Lowndes’ life in the fast lane takes a few twists and turns
NURSING a sprained wrist courtesy of a recent bike accident and ruing a bit of bad luck behind the wheel of his Holden on the Townsville street circuit just three days earlier, Craig Lowndes is anything but perturbed as he scrawls his name across a couple of team red Bull t-shirts.
The Aussie motor racing star should be enjoying a brief respite before he starts preparing for the next round of the v8 Supercar Championships.
But when work comes knocking he answers - with the same enthusiasm he gives to hurtling around a race track at 300kmh.
He's using a rare moment between meetings, phone calls, over-seeing car rebuilds and post-race analysis to do one of the unenviable tasks that come with being Australia's top V8 Supercar driver - creating a little bit of memorabilia for some of the fans who bombard his office each week with autograph requests.
Yet the 41-year-old wouldn't have it any other way.
"I hope my fans get some enjoyment from it," he says of having to sign more than 500 autographs a week.
"Fans are the backbone of motor racing; if we don't have fans, we don't have motor-racing - it's pretty simple."
Lowndes is one of this country's most recognisable faces thanks to a 30-year racing career that includes five Bathurst 1000 victories and three V8 Supercar championships.
There might be close to 400 trophies in his two-storey Red Bull/Triple Eight Race Engineering headquarters at Banyo, but no matter how many pieces of silver he collects, the thought of where he's from and how he got here keeps his feet firmly planted on the ground.
Raised on a bush block about 40 minutes outside of Melbourne in the 1970s-80s, Lowndes first felt the need for speed when his dad Frank - a respected mechanic who built cars for King of the Mountain Peter Brock - gave him a go-kart.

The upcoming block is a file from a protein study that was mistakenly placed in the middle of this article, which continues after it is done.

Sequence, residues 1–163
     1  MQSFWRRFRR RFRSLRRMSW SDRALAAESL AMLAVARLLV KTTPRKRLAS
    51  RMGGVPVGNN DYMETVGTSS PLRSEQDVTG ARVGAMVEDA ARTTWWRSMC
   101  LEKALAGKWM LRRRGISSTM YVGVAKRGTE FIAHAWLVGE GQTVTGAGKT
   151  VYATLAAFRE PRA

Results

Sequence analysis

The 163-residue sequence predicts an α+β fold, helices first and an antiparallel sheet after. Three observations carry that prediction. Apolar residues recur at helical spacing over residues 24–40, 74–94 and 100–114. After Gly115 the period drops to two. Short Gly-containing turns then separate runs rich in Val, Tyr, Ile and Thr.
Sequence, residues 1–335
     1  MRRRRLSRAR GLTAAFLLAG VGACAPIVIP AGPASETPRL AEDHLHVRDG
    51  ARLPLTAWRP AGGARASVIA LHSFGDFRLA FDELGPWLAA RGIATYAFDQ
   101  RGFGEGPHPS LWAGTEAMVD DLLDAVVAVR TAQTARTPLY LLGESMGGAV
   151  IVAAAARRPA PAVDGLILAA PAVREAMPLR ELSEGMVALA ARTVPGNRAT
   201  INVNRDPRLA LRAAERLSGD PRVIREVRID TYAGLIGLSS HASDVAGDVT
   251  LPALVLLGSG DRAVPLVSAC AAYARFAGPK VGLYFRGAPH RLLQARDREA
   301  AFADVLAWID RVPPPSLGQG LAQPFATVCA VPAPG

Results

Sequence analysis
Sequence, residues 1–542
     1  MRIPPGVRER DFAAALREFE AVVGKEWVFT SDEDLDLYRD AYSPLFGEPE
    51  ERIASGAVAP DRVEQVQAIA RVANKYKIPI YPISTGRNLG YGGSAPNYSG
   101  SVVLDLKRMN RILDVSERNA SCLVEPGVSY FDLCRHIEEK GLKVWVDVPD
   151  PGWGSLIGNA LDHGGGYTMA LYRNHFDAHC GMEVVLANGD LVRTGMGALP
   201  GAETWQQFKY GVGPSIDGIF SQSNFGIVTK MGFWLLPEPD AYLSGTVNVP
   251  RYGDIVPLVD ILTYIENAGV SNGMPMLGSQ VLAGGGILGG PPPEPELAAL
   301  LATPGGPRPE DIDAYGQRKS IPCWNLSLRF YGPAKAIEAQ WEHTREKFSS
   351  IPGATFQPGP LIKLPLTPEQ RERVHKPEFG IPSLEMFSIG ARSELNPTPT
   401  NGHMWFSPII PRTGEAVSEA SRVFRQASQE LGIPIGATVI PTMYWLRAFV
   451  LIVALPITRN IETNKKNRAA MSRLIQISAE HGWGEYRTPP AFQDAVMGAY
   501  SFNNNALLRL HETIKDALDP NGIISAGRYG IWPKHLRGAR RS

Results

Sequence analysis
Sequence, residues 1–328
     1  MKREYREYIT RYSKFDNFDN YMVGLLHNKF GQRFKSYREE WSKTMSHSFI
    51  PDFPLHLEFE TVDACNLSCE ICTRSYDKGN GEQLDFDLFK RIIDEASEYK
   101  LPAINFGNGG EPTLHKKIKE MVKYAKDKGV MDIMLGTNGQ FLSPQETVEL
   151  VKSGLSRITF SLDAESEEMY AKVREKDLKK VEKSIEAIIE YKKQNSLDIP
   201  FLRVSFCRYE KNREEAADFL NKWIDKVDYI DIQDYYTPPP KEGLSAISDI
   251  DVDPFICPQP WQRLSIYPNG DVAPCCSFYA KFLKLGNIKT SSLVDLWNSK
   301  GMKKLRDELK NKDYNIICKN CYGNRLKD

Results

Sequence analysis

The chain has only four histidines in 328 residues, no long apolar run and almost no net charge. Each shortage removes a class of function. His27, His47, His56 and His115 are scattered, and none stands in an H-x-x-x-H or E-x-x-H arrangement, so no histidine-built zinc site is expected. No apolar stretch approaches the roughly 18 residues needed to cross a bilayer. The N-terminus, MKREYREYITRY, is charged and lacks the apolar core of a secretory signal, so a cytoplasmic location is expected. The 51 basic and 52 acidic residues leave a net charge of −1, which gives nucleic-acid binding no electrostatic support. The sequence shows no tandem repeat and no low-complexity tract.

Lowndes was barely 12 years old, but the passion for motor-racing was coursing through his veins.
"I really enjoyed it," he says of getting his first set of wheels and joining his local club - the Eastern Lions at Whittlesea.
"It was a lot of fun hanging out with friends and mates and I was learning all about how to set up a go-kart."
Lowndes' potential shone through as he collected trophy after trophy and enough experience to move into a tougher class of racing.
By 16 he was the proud owner of a one-seater Formula Ford.
"We literally sold everything we owned in go-kart world and put all that money towards buying the Formula Ford," Lowndes recalls.
"We paid about $12,000 to $15,000 to buy the car and of course you needed spares and transport - it sort of went on and on and on.
"We spent 12 months restoring it, learning all about it.
"It was another stepping stone for me to understand everything about a race car."
The apprentice mechanic and his father decided to stick to a rigid three-year plan.
"The first year was going to be club and state racing, the second year was going to be national racing and the third year we were going to put all our eggs in one basket and buy a brand new car for that year and do the full circuit," Lowndes says.
"At the beginning, 99% of the work on the car was done by myself and dad.
"We had a few sponsors who would cover entry fees, tires, engine rebuilds and those sorts of things.
"People were surprised that we came out of nowhere and were performing really well straight up - we ended up winning the club championships."
In 1992, the duo took the show on the road as they hunted national glory.
"We got about half-way through the year when we were approached by (Sydney-based truck spares company boss) David Radcliffe who wanted to sell his car," Lowndes says.
"He basically donated his car to me to run for the second half 1992 - the aim was for me to get more experience and for him to build awareness of the car so he could sell it.
"By the end of 1992 we were 16th in the national series."
Radcliffe was so impressed by the young driver that he gave Lowndes a top-notch British Van Diemen RF93 Ford to drive in the 1993 Australian Formula Ford Championship.
"We ended up winning," Lowndes says.
In October of 1994, Lowndes scored the feat that put his name into the Australian conscience - a spot on the podium at Bathurst.
But getting there was no easy task for the 20-year-old rookie, who was taking on drivers he had always looked up to - including family friend and nine-time Bathurst champ Peter Brock.